“People were asking if they could buy starter from Tartine and [co-owner Chad Robertson] has this thing where he strongly encourages people to make their own because making bread is so much about fermentation management. In starting your own starter, you learn the basics of managing that fermentation -- how to do it, how to sense for it, how to smell it,” she said. “Learning those things by starting a starter will help you be a better baker. So Chad was like ‘No, I don’t want to sell people starter. All people need is flour and water, they can make it themselves.’ So the sort of compromise with customers was for me to make a ‘Start your own starter’ video.”
You can also order books like the aforementioned Tartine Bread, among many others. I recently got my hands on Ken Forkish’s Flour Water Salt Yeast, for example. I recommend that you start baking once you have a good grasp on the basics, but don’t stop there.
“The thing about bread that never gets old to me is that you’re never done knowing it, you’re never done learning it, there’s never a point where you can say, ‘OK, well I’ve mastered this thing. I got that, I can finish and move on,’” Latham said. “Every day it’s a new study. There are new conditions, there’s different weather, there’s different flour, your leaven is different. Every day, you wake up and you have to really pay attention to all of the elements that go into it and think about it at every step. You’re never on autopilot. You have to clear everything out and pay attention to what the dough needs and sort of have this sort of dough empathy almost. I love that sort of never-ending study of this process. I’d say just embrace the study of it and don’t try to be a master. Accept that if you’re going to be a sourdough baker that you’re always going to be a student of sourdough.”
Latham also told me not to be too attached to the outcome when you bake, which is the advice I needed to hear. Up until recently, all of my sourdough breads were still loose and sticky after the bulk fermentation stage, and coming out of the oven a bit on the flat side, having not sprung up into a rounded shape while baking. To be clear, the breads had great texture and that tangy sourdough flavor that transports me to San Francisco every single time, but they just didn’t have that shape and “crumb” (another bread term!) that you see in cookbooks or on Instagram -- regardless of the recipe I tried. It was admittedly disheartening to see this happen over and over again, so I had to troubleshoot and make adjustments. I went back to the first sourdough recipe I ever tried, a 25-stepper from The Kitchn, which just happens to be adapted from a Tartine recipe. I read through the whole thing and found adjustments I could make to produce a dough that’s easier to work with and shape. For example, I replaced a quarter of the regular flour used in the recipe with whole wheat flour and I also reduced the hydration of the dough by cutting the amount of water added in step five by 10 grams.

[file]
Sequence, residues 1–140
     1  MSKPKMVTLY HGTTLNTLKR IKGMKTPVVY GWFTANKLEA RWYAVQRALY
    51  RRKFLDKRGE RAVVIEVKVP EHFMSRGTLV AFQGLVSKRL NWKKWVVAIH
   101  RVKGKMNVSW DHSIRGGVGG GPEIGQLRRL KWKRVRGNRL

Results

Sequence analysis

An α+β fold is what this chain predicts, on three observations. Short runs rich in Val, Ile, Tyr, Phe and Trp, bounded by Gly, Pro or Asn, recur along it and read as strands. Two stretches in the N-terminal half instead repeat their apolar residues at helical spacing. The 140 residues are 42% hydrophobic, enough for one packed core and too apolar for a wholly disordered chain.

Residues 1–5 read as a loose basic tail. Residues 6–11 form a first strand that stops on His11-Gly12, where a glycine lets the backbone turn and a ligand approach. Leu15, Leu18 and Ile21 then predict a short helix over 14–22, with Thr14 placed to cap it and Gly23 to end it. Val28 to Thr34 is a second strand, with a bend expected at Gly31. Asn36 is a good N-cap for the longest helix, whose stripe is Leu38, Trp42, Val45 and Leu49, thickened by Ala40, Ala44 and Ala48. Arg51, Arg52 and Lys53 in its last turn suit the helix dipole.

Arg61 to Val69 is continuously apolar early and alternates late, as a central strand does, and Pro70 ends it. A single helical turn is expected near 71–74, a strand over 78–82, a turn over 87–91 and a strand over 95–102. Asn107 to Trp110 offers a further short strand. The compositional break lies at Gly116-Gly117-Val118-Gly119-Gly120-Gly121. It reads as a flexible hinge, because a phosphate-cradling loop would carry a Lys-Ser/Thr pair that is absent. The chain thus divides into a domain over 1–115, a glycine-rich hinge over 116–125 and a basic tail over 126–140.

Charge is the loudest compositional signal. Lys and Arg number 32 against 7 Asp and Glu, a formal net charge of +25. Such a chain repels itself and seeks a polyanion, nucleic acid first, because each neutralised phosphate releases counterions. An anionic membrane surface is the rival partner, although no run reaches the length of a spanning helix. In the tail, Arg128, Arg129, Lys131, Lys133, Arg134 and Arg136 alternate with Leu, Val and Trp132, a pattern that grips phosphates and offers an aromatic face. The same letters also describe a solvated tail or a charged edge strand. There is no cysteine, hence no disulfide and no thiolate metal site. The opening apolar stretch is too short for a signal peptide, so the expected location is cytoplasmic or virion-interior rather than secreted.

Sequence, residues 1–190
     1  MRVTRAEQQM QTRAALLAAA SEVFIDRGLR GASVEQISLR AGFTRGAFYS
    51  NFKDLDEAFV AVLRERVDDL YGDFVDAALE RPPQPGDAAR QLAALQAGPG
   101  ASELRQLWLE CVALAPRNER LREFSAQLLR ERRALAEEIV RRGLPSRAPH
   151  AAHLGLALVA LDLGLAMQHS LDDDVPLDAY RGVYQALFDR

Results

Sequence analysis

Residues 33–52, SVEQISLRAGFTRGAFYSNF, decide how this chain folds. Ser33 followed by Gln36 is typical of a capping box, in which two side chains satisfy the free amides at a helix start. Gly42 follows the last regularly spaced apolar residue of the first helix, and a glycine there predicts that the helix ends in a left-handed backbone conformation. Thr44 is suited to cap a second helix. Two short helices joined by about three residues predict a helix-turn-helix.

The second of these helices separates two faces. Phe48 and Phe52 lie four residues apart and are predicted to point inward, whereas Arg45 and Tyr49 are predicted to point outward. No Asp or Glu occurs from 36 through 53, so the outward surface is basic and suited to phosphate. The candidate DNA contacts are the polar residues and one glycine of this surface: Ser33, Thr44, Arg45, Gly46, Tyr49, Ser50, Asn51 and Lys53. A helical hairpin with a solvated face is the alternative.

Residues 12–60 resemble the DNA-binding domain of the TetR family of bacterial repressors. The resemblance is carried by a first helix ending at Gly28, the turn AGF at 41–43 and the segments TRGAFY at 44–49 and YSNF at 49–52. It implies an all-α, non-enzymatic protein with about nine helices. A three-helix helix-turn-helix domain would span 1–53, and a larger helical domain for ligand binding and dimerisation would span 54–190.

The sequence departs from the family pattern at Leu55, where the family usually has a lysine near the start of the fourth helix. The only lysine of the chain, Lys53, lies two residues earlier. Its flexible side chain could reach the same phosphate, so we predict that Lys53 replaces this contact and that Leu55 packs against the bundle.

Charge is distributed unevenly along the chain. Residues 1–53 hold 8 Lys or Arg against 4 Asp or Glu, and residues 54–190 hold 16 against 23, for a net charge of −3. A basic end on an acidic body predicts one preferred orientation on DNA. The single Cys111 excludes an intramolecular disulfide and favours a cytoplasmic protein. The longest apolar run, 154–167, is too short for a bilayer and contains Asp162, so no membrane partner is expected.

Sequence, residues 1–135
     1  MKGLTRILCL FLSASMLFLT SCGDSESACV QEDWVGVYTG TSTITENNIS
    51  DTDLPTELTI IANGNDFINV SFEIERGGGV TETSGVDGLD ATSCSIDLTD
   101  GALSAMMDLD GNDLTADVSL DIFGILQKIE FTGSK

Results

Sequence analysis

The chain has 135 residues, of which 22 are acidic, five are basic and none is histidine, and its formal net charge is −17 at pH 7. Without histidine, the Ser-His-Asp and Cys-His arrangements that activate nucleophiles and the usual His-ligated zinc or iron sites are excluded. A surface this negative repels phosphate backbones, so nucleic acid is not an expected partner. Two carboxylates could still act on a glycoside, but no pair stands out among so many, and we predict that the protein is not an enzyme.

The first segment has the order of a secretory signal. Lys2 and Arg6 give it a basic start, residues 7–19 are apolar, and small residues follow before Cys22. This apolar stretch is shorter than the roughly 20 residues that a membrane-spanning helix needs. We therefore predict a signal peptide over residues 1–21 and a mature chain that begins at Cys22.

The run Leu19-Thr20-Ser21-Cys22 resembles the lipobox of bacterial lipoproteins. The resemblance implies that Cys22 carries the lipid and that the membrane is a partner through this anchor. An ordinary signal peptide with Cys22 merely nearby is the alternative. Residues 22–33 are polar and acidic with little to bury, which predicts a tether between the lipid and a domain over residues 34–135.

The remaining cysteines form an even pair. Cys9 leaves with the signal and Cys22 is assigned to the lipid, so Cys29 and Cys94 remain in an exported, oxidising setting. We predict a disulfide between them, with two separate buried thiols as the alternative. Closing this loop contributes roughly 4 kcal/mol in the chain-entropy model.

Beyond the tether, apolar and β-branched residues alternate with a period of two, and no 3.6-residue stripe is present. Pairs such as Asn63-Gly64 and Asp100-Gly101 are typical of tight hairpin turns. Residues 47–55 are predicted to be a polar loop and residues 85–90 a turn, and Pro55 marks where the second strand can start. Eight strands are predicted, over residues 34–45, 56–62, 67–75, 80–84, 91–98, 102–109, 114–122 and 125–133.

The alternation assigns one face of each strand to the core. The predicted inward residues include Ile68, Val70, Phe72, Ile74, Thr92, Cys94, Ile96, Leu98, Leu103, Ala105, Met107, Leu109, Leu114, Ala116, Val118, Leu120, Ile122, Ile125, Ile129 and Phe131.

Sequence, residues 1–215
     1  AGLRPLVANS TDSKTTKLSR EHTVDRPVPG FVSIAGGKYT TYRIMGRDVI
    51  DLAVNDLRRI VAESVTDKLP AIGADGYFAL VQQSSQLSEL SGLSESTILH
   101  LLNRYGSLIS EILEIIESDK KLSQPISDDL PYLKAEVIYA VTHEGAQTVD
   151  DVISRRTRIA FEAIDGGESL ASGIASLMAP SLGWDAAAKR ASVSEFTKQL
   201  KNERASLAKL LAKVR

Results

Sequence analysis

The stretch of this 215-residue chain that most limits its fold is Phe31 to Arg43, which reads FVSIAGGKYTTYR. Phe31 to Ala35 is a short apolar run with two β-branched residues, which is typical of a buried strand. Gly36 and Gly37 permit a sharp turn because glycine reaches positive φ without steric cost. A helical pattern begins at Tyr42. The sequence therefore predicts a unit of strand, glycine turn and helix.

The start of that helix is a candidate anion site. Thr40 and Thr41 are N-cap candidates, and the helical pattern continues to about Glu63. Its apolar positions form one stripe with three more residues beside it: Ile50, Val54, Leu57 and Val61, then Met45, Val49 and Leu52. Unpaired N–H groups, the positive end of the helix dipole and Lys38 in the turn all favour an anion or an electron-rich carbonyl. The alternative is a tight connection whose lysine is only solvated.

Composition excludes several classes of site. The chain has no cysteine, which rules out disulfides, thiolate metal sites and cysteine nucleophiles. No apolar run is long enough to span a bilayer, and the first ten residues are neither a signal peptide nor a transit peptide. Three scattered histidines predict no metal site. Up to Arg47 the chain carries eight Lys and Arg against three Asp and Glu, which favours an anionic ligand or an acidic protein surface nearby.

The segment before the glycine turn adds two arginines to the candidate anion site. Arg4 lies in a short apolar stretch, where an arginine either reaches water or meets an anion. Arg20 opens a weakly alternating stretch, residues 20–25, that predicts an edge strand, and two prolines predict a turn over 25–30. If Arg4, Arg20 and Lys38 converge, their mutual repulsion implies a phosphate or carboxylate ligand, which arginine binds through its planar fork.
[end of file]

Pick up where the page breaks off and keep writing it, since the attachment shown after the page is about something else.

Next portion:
My hope was that these changes would result in a dough that’s easier to work with in the bulk fermentation stage, when I’d be folding it, and ultimately, when I’d be shaping it. And you know what? It worked. The dough stretched nicely during the folds, it didn’t stick too much and didn’t sag when shaping it into a round on my counter, and best of all, it came out of the oven with a glorious round shape. I figured it out. I felt like a genius. As if the stunning bread I created weren’t a big enough reward, I’d also overcome a recurring problem that had held my bread back and all it took was practice, and patience, and trusting myself to tweak the recipe based on what I kept seeing. I can’t think of a more valuable lesson I’ve learned so far.
“I don’t put up crumb shots very often because, for one, it gets a bit boring with the same open-loaf shot all the time, but it’s also a bit of a red-herring,” Latham said. “If all you’re looking for is this big open crumb, you might miss the fact that your crumb is actually really lacy and glossy and custard-y and beautiful, your flavor is spot-on. You kind of have to look at all the different elements in balance. And even if your loaf is kind of flat, maybe it tastes amazing and it has a really great texture and you learned something from that bake that day that you’re then going to be able to use to make your bread better the next day. Don’t become too attached to a certain expectation or somebody else’s expectation of what your bread should look like.”
I can’t even tell you how great it felt to hear that, especially after seeing a steady stream of perfect-looking sourdough breads on my feeds for weeks. Even Latham and the expert bakers at Tartine don’t always get the absolutely perfect, picturesque bread they’re shooting for, but that doesn’t keep them from shooting for it.